School Funding post-McCleary

A broken piggy bank filled with money.

A broken piggy bank filled with money.I have not yet completely read the long opinion Judge Erlick issued yesterday in a court case brought by school districts, parents, and educator groups but I’m excited by the summary and the implications for a positive impact on school funding in Washington. The judge ruled that the state does not adequately fund public education and that we are not meeting the constitutional requirement that we “amply provide for the education of all students.”

Like most judicial opinions that require the state to do something, rather than an opinion ruling some action of the state unconstitutional, there is a lot of deference given to the legislature in how to carry out the ruling. For example, when the US Supreme Court ruled in the Brown vs. Board of Education case the ruling phrase was that we should use “all deliberate speed” in eliminating segregation in schools. This was pretty ambiguous, but served as the basis for many actions, including federal protection of children attending previously forbidden schools and much court supervision over desegregation plans.

Judge Erlick ruled that the plan we passed last year (HB 2261, the result of our Basic Education Financing Task Force) was an acceptable framework for clearly stating what basic education entails and determining the cost. I’m pleased that the plan we produced meets the court’s approval, but now we will have to both close down the details of it AND determine a funding plan.

Our approach to determining the right amount of funding for K12 is called the “model schools” approach. We lay out the resources needed per building, and scale them based on the number of children in the school, and the number of children in the school that require special ed, gifted, or english langauge help, and the overall level of poverty in the school’s population. We adoped the basic structure of this approach last year, did a lot of detail work in the interim, and will adopt the final values for class size and other critical values this session.

Of course, this will be very contentious. In light of this ruling, determining the end goals in the definition of basic education will, in fact, require the state to fund them. This will necessarily result in less being spent on other priorities.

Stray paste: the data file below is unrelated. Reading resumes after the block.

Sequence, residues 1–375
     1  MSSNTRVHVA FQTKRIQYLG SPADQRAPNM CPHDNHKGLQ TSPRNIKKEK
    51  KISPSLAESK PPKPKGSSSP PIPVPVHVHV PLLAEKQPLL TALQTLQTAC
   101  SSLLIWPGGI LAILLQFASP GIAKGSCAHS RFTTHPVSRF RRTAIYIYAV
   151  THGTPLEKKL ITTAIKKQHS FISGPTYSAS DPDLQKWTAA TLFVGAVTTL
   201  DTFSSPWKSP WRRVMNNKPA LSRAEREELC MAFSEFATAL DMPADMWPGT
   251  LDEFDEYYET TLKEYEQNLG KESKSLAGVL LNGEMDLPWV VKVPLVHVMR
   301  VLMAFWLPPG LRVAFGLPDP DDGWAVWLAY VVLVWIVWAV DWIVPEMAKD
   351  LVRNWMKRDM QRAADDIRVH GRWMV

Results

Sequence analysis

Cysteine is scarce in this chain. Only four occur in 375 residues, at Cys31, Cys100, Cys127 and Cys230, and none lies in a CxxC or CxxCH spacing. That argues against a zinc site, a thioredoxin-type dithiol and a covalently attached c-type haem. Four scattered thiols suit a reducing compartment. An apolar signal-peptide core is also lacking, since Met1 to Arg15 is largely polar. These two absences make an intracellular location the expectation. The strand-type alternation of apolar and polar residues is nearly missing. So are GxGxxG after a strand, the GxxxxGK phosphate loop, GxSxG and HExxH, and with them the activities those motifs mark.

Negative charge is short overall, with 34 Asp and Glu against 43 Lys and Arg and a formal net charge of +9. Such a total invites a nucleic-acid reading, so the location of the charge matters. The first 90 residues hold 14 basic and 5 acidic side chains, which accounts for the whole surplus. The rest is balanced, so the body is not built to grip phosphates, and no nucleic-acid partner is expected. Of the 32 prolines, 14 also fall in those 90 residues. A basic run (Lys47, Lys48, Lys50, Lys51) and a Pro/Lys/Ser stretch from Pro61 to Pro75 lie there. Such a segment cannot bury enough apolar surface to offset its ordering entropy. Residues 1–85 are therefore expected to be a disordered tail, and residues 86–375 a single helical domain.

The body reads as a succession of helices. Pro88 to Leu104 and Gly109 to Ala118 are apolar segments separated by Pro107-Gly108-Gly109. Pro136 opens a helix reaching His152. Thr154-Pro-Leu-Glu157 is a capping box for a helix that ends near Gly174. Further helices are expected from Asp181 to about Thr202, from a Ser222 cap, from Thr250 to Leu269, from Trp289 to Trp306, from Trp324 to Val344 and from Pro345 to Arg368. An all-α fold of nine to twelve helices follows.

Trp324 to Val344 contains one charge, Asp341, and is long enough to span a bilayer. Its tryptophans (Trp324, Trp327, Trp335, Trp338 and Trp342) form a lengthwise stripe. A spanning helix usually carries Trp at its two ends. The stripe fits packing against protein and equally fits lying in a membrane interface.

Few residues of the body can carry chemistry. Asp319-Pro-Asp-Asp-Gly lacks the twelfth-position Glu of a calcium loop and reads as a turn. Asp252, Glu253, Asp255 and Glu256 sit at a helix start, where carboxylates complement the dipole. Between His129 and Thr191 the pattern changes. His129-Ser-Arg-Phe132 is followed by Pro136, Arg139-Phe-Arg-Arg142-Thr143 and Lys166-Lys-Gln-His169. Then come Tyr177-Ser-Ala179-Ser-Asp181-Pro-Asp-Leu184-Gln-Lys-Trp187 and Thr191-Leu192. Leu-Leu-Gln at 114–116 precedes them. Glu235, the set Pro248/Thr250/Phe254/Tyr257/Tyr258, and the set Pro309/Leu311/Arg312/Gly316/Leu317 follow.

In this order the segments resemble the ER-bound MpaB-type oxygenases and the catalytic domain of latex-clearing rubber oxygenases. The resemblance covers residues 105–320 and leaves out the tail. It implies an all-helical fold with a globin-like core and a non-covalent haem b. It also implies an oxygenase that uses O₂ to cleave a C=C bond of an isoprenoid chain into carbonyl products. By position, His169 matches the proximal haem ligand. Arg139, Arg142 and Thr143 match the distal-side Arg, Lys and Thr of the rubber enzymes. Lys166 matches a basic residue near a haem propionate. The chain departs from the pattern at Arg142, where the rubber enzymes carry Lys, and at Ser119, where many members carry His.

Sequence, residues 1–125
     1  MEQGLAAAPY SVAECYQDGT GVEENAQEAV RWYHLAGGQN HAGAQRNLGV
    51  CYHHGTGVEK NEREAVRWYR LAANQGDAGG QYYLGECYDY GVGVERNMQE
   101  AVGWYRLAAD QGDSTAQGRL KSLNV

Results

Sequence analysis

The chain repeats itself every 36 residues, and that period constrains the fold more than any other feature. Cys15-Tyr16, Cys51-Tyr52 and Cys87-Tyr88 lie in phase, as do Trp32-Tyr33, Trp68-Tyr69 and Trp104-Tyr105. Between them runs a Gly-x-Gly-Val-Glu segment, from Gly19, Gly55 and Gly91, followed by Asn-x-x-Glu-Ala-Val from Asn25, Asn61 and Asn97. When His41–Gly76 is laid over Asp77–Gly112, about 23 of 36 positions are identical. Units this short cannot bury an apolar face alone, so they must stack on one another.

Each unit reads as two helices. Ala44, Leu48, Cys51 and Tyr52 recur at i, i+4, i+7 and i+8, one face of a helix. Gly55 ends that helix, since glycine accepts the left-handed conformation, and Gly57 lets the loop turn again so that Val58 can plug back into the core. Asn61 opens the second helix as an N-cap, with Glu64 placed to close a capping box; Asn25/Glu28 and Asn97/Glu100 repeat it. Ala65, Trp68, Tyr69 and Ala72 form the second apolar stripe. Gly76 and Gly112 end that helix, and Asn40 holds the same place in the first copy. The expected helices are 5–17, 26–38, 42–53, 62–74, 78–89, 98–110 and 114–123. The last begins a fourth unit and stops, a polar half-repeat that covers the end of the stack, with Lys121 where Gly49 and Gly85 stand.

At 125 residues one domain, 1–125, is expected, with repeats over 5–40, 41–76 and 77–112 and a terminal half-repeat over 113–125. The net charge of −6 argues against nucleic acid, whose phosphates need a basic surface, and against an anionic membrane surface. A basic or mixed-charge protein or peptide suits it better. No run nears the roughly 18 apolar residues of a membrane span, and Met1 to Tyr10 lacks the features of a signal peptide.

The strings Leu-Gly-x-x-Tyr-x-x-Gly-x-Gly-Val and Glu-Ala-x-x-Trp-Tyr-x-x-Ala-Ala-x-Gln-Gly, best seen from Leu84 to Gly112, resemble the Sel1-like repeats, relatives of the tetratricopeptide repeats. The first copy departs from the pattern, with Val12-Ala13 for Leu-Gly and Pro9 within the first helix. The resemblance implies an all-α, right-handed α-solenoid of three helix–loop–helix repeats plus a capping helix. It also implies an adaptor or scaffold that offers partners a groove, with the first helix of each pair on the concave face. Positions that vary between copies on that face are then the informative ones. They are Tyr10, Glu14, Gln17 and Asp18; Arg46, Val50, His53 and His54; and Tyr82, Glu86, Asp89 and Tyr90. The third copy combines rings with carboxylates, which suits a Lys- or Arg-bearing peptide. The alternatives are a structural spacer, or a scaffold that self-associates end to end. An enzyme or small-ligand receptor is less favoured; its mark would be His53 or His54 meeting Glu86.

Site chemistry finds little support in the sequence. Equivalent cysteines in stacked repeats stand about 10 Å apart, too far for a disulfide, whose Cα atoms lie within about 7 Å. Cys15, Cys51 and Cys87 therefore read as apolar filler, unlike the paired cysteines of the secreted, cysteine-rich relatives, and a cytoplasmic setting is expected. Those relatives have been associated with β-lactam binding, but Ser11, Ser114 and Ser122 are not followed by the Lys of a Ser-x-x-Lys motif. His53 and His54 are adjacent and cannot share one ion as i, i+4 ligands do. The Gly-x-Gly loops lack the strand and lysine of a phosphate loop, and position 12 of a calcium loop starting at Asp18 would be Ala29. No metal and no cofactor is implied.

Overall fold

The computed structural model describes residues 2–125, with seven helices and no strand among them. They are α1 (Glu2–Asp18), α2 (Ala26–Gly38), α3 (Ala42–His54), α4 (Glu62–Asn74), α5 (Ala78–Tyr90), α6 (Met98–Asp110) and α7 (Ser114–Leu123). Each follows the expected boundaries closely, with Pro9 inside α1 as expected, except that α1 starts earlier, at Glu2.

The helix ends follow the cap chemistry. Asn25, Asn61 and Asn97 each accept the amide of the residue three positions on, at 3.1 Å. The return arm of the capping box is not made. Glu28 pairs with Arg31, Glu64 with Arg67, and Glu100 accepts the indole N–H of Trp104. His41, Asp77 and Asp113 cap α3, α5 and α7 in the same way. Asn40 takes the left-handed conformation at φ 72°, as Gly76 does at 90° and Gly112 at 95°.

This interim we will have to address the financing plan – not how to spend it, but how to ensure that there is enough money available. I think we need to discuss many things about local and state property taxes and the right mix between them, including ways to make school funding more consistent and reliable.

I organized many of my collegues to sign a letter to the governor and the attorney general asking them to not appeal this case. I think Judge Erlich only pointed what is obvious to anyone who looks at our school system and compares it to the guarantee in our constitution, that school funding “is not ample, is not stable, and is not dependable.”

The Judge continues “Accordingly, the State is directed to determine the cost of amply providing for basic education and a basic program of education for all children resident in the State of Washington. The State must also comply with the Constitutional mandate to provide stable and dependable funding for such costs of basic education. Funding must be based as closely as reasonably practicable on the actual costs of providing such programs of basic education. The means of fulfilling this Constitutional mandate properly fall within the prerogative of the Legislature.”

We have work to do. I see a long summer working out the details of our approach.

For details you can read the actual opinion. 99 pages.

Author: Ross

I am the Director of the Department of Early Learning for Washington State. I formerly represented the 48th Legislative District in the State House of Representatives, chairing the Appropriations committee and spent many a year at Microsoft.